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Damien Chazelle Issues Statement Over ‘First Man’ Backlash, Explains Why Film Doesn’t Show American Flag Being Planted on the Moon

"This film is about one of the most extraordinary accomplishments not only in American history, but in human history," Chazelle says.

Ryan Gosling, Claire Foy, Damien Chazelle. Actors Ryan Gosling, from left, Claire Foy and director Damien Chazelle pose for photographers at the photo call for the film 'First Man' at the 75th edition of the Venice Film Festival in VeniceFilm Festival 2018 First Man Photo Call, Venice, Italy - 29 Aug 2018

Ryan Gosling, Claire Foy, Damien Chazelle.

Kirsty Wigglesworth/AP/REX/Shutterstock

First Man” director Damien Chazelle has issued a statement (via Deadline) reacting to backlash against his Neil Armstrong space race drama. The movie premiered August 29 on opening night of the Venice Film Festival and, despite strong reviews from critics, sparked a bit of controversy from certain viewers (and especially from Sen. Marco Rubio) for not including Armstrong’s iconic planting of the American flag on the surface of the moon.

According to Chazelle’s statement, the director decided to leave out the moment because he wasn’t making a movie focused on American history but one entirely about Armstrong’s perspective about his mission to the moon. The filmmaker said the decision to omit the American flag being planted on the moon was not a political one and was made entirely to strengthen the story he was telling in “First Man.”

“I wanted the primary focus in that scene to be on Neil’s solitary moments on the moon. …This film is about one of the most extraordinary accomplishments not only in American history, but in human history,” Chazelle said. “My hope is that by digging under the surface and humanizing the icon, we can better understand just how difficult, audacious and heroic this moment really was.”

Chazelle’s statement follows similar thoughts from Ryan Gosling, who plays Armstrong in the film. During the movie’s Venice press conference, Gosling said the moon landing “transcended countries and borders” and the filmmaking team did not want to ruin their film’s subjectivity by making a political statement.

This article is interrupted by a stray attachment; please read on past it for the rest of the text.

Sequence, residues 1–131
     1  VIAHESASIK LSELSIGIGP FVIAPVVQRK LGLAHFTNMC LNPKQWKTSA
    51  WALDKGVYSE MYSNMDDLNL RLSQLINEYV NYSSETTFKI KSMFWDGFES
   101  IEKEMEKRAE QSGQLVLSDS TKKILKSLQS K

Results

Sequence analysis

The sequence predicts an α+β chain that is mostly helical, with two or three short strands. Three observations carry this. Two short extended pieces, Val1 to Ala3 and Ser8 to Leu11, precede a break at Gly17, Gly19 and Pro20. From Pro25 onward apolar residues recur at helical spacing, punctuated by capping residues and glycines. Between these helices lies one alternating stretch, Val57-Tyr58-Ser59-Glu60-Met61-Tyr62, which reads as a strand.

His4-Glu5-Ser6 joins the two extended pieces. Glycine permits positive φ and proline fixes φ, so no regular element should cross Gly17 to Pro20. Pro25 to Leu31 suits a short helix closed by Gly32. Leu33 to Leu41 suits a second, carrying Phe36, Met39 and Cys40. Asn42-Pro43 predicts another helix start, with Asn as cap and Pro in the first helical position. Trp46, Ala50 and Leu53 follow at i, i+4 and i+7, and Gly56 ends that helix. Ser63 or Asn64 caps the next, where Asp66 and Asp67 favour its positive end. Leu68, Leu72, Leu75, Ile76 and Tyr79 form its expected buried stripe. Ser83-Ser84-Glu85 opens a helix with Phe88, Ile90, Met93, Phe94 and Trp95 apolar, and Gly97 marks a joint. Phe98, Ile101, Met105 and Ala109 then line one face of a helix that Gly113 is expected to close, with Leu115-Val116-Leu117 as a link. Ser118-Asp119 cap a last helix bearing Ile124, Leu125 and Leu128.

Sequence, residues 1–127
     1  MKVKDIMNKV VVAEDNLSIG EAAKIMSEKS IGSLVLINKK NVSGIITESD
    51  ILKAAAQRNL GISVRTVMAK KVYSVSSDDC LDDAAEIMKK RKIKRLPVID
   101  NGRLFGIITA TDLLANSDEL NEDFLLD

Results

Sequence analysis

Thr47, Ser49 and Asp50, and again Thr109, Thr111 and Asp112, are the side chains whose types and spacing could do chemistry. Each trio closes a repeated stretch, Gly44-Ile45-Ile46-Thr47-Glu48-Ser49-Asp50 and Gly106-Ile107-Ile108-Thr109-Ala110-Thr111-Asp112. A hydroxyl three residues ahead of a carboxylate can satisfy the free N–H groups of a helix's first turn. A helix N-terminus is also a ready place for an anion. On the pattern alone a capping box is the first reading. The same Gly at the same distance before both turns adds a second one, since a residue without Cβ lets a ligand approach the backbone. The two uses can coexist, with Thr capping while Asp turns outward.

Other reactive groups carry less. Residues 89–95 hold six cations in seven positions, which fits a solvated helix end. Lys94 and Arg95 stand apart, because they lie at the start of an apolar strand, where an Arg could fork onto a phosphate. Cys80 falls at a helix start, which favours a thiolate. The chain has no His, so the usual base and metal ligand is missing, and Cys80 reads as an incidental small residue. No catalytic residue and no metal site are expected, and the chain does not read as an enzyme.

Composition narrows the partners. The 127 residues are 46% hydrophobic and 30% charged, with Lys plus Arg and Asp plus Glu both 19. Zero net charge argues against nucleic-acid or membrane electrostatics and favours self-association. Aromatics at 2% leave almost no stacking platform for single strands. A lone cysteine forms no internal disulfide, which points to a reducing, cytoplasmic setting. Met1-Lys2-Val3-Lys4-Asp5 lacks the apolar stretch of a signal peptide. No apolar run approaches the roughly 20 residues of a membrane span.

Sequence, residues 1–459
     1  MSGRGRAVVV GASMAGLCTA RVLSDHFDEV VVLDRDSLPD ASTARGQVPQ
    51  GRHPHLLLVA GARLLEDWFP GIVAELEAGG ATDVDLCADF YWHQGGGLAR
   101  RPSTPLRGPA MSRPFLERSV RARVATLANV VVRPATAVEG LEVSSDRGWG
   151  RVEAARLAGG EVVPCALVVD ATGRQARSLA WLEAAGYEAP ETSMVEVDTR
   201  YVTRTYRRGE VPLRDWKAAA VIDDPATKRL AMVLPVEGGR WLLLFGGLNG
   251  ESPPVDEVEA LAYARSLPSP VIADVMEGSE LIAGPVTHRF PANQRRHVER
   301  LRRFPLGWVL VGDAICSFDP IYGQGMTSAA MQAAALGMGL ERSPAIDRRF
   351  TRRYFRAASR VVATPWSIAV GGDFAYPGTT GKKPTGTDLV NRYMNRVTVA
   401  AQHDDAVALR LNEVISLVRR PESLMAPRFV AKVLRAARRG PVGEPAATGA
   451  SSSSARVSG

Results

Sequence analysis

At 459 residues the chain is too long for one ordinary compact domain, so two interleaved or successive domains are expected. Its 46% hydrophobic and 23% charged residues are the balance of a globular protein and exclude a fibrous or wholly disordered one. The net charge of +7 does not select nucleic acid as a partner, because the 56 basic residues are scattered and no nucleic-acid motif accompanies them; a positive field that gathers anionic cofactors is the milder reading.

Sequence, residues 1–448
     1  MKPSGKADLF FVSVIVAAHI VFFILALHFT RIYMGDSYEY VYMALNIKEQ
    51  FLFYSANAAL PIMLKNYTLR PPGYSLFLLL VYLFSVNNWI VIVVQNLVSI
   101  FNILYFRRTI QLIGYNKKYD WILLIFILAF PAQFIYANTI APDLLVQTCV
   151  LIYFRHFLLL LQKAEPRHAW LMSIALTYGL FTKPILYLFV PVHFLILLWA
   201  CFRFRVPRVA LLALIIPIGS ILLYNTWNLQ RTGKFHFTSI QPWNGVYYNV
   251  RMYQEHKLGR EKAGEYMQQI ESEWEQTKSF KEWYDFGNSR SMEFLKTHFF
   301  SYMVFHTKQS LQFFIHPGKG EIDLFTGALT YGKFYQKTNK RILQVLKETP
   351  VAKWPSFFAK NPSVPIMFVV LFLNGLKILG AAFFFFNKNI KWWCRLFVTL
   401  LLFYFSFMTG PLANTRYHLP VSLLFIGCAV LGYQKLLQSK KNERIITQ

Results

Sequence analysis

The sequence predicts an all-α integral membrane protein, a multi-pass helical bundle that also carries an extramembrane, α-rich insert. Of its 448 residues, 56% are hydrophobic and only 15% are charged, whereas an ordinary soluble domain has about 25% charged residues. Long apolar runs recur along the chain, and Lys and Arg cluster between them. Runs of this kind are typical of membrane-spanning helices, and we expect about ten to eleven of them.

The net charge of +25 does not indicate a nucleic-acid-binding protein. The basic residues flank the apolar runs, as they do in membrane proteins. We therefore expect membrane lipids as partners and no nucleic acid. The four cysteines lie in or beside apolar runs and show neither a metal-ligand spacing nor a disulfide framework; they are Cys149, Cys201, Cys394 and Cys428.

“I don’t think that Neil viewed himself as an American hero,” Gosling added. “From my interviews with his family and people that knew him, it was quite the opposite. And we wanted the film to reflect Neil.”

“First Man” opens nationwide on October 12 via Universal Pictures. You can read Chazelle’s full statement in the post below.

In “First Man” I show the American flag standing on the lunar surface, but the flag being physically planted into the surface is one of several moments of the Apollo 11 lunar EVA that I chose not to focus upon. To address the question of whether this was a political statement, the answer is no. My goal with this movie was to share with audiences the unseen, unknown aspects of America’s mission to the moon — particularly Neil Armstrong’s personal saga and what he may have been thinking and feeling during those famous few hours.

I wanted the primary focus in that scene to be on Neil’s solitary moments on the moon — his point of view as he first exited the LEM, his time spent at Little West Crater, the memories that may have crossed his mind during his lunar EVA. This was a feat beyond imagination; it was truly a giant leap for mankind. This film is about one of the most extraordinary accomplishments not only in American history, but in human history. My hope is that by digging under the surface and humanizing the icon, we can better understand just how difficult, audacious and heroic this moment really was.

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